And Rumours of War: More Deadly than the Male, pt III

September 4th, 1767
York, Liberated England

This ae neet, this ae neet
every neet an’ all
fire and fleet and candle-leet
and Christ receive thy saul.

The men’s singing drifted in distantly. It was a fitting one for this near-autumn day, Ingrid thought, with the campaigning season in England nearly over and the Bretons driven south of the Thames. There was a not-unpleasant melancholy in singing for the dead of a victorious campaign, with a good dinner inside and more victory to look forward to next year.

When from hence away art past,
Every neet an’ all,
To Whinny-muir thou com’st at last;
And Christ receive thy saul.

Her staff were all leaning back in various degrees of repletement, smiling – well, Ragnar’s mouth twisted in discontent, but that was hardly unusual. He had come over from Dovre a month earlier, following Anita, just arrived from the uptime, and was still struggling to adjust to how Christian Norway was outside of Scandinavia. Sulking over a throwaway ‘Christ’ in a song was a new low, though, and Ingrid decided she’d have to ask Anita just what she was doing to the boy. It wasn’t as though he were a stril, to be carelessly discarded when one grew bored with him, and the last thing she needed was hurt feelings and high drama on her staff. And besides that, female war-leaders were a breach of long-standing custom in Norway; if Anita was going to take over as Lady of War for the Hird, she would have to follow Ingrid’s example and marry someone outside the army. Otherwise every order would be followed by looking to her husband for confirmation. Not that Terje’s position in the Ting hadn’t occasionally been useful for her reforms.

If ever thou gav’st hosen and shoon,
Every neet an’ all,
Sit thee doon and put them on;
And Christ receive thy saul.

Ingrid was startled from her reverie by the entry of a messenger, still smelling of horse and managing to be mud-splashed; he must have ridden fast and hard, the ground was dry for many miles around. She raised her eyebrows; what could be so important as all that?

“Ma’am. Message from Colonel Vegardsson. 4th Ohio.” Ingrid nodded patiently; she knew perfectly well what regiments her colonels commanded, of course, but biting the messenger’s head off would not be productive. The 4th Ohio were stationed in Essex, keeping an eye on the thin Breton militias there.

If hosen and shoon thou ne’er gav’st nane,
Every neet an’ all,
The whins sall prick thee to the bare bane;
And Christ receive thy saul.

“The Bretons have landed a large army in London, and march up the coast road towards York. The colonel is retreating before them; they have raised the London mob against us.”

“That’s impo-” Ingrid stopped herself. Information was information, you couldn’t go about denying it just because it was unlikely. If she had still been in school, just the half phrase she had gotten out would have earned her a beating. She gathered herself for a moment, dropping her lassitude like a cloak; it felt a bit like starting up a machine in her mind, all angles and gears and efficient whirring. “What numbers? And where is the navy?”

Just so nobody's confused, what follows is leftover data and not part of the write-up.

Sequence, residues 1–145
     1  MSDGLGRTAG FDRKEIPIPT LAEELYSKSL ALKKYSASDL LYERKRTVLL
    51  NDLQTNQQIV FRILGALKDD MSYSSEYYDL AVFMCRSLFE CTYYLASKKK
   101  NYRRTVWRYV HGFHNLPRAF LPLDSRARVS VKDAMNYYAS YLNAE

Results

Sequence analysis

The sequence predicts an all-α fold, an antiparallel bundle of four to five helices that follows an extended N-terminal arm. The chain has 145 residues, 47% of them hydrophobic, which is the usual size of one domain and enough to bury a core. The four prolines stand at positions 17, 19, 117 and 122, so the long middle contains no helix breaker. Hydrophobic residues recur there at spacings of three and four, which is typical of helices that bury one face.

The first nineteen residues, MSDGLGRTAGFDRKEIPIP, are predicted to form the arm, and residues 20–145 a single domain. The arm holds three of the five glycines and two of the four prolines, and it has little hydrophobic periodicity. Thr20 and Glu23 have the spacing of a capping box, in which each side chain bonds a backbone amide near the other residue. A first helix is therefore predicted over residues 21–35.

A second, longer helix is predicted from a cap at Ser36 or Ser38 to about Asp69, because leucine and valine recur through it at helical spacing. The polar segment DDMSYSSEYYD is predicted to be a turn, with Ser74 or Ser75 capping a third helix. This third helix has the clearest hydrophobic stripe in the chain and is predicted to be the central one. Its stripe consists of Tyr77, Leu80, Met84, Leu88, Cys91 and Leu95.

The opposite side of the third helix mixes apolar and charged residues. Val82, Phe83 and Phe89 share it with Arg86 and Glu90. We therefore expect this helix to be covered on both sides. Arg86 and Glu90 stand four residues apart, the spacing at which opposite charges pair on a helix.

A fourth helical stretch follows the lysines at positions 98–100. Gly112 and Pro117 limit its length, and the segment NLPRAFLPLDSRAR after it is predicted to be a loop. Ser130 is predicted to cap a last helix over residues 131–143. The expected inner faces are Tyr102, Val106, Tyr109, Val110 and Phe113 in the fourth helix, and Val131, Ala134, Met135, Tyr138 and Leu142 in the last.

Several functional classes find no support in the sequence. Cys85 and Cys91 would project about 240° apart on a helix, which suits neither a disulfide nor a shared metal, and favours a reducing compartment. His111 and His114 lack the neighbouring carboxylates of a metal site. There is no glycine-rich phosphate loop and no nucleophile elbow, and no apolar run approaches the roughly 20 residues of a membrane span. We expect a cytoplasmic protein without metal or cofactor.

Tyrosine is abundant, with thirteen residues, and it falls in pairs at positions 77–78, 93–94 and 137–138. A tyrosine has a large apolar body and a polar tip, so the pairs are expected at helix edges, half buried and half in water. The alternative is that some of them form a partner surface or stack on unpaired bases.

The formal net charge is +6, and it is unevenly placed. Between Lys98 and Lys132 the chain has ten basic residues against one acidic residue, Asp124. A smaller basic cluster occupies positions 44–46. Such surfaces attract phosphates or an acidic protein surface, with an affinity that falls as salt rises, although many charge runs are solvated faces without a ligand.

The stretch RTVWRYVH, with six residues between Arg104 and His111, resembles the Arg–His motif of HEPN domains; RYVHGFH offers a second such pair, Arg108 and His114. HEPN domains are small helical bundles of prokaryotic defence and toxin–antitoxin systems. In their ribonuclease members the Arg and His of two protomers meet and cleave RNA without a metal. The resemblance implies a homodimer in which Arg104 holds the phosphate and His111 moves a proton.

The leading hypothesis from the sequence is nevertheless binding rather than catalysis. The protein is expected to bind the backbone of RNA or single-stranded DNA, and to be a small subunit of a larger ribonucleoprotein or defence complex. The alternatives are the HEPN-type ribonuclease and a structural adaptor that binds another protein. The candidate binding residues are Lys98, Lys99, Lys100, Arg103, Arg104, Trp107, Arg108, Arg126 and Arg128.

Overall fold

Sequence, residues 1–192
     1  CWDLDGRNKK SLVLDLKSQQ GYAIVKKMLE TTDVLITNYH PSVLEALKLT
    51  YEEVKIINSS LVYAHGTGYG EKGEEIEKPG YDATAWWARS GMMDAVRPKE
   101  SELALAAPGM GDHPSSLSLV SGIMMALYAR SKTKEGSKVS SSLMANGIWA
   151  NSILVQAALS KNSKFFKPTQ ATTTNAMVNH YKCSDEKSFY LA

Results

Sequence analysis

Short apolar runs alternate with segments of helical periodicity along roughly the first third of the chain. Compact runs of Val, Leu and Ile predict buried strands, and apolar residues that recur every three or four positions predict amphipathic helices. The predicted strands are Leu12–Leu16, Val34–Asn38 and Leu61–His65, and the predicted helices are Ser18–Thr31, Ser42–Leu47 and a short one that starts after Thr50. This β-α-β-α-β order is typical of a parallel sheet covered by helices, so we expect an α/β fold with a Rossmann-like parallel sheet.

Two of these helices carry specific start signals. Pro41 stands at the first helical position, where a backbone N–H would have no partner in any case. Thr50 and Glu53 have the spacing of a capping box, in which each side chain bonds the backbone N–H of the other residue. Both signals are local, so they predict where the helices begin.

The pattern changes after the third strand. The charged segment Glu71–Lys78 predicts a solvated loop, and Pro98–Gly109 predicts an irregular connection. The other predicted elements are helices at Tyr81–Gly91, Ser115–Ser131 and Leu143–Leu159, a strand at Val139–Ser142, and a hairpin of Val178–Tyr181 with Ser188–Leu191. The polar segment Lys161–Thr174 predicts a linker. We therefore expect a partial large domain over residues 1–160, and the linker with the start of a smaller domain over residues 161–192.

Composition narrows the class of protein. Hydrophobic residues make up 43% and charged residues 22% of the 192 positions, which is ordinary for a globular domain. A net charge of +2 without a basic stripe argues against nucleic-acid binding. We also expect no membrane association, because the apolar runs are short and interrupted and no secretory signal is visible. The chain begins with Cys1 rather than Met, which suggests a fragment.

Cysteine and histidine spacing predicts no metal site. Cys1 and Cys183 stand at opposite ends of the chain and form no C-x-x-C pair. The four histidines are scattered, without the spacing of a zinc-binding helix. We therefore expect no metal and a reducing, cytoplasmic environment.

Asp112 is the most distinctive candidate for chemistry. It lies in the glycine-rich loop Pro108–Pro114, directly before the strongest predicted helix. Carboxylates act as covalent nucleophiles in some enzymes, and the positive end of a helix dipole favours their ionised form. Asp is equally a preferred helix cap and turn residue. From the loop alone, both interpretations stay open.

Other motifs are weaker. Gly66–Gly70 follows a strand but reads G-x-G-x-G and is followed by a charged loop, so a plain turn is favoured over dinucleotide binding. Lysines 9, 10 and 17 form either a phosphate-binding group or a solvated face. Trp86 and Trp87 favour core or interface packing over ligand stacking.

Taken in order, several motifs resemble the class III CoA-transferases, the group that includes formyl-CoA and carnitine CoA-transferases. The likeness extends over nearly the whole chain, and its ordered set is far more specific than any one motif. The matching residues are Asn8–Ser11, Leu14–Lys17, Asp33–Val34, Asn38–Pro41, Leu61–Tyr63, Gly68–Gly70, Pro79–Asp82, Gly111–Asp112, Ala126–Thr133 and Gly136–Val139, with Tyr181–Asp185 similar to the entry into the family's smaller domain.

“We counted forty regimental banners. As for the navy, I don’t know.”

From Whinny-Muir when thou mayst pass,
Every neet an’ all,
To Brig o’ Dread thou comes at last;
And Christ receive thy saul.

Ingrid thought about it. London wasn’t very far from York, and her army was dispersed to winter quarters, some of it even sailing back to America to deal with the Narragansetters. She could muster perhaps thirty thousand men in time to meet this attack south of York; more if she retreated northwards. On the other hand, it might be a bluff. Forty banners, fine, but how many thousands of men? And did they all have guns? It wasn’t possible to completely block the Channel at the current level of technology; a fog, a bad wind, or just a dark night could let a daring squadron slip through. But still, it was unlikely that they had screwed up badly enough for an army large enough to challenge her own to land – not that heads wouldn’t roll anyway; not stopping every ship was one thing, but a bit of warning would have been nice.

If ever thou gav’st siller and gold,
Every neet an’ all,
On Brig o’ Dread thou’lt find foothold;
And Christ receive thy saul.

Ingrid reached her decision and nodded. Forty regiments wasn’t impossible odds for the forces she could mobilise quickly. A defensive position across their line of advance, and they’d have to either attack her or retreat; they couldn’t keep an army in the field indefinitely at this time of year. Keeping York, not to mention the prestige of victory, was worth the risk. “Right. Messengers to everyone, concentrate on York.” Her staff had sat up, smiles and scowls both forgotten; this was serious business now. “Gunnar, coordinate that, make sure nobody gets in each other’s way. David, go over the maps, find me a good place to defend a bit south of here. Don’t put us on the far side of a river, we might have to retreat in a hurry, the good general de Crussol showed us that mistake and we don’t have to repeat it. Anita, here’s your chance at some fighting, take a cavalry regiment and ride south, count them and see if they’re bluffing. If you can get into their rear and interfere with their supplies, so much the better, but don’t kill my cavalry to do it. Remember we can’t call up half-a-million strils whenever we need them. Ragnar, get down to the Mayor, have him call out the militia, they can at least hold the walls of York. Issue them new muskets if they need them, and ammunition.”

If siller and gold thou ne’er gav’st nane,
Every neet an’ all,
Down thou’lt plummet into Hell’s flame;
And De’il tak’ thy saul.

(to be continued)


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